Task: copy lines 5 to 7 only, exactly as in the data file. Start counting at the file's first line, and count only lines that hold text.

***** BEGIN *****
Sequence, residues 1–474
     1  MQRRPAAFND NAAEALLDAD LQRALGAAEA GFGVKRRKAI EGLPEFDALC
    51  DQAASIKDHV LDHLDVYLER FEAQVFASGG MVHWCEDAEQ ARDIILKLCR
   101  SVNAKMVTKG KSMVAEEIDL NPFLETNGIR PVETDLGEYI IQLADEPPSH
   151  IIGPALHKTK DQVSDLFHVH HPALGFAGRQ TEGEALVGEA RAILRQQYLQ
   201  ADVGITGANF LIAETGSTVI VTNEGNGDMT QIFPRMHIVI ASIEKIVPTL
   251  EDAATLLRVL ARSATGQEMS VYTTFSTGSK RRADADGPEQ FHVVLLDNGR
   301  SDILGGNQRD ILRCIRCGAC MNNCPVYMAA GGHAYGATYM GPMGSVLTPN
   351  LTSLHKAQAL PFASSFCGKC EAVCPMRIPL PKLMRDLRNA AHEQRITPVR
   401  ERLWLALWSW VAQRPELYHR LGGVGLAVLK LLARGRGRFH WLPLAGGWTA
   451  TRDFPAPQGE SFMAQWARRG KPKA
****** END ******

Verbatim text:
   151  IIGPALHKTK DQVSDLFHVH HPALGFAGRQ TEGEALVGEA RAILRQQYLQ
   201  ADVGITGANF LIAETGSTVI VTNEGNGDMT QIFPRMHIVI ASIEKIVPTL
   251  EDAATLLRVL ARSATGQEMS VYTTFSTGSK RRADADGPEQ FHVVLLDNGR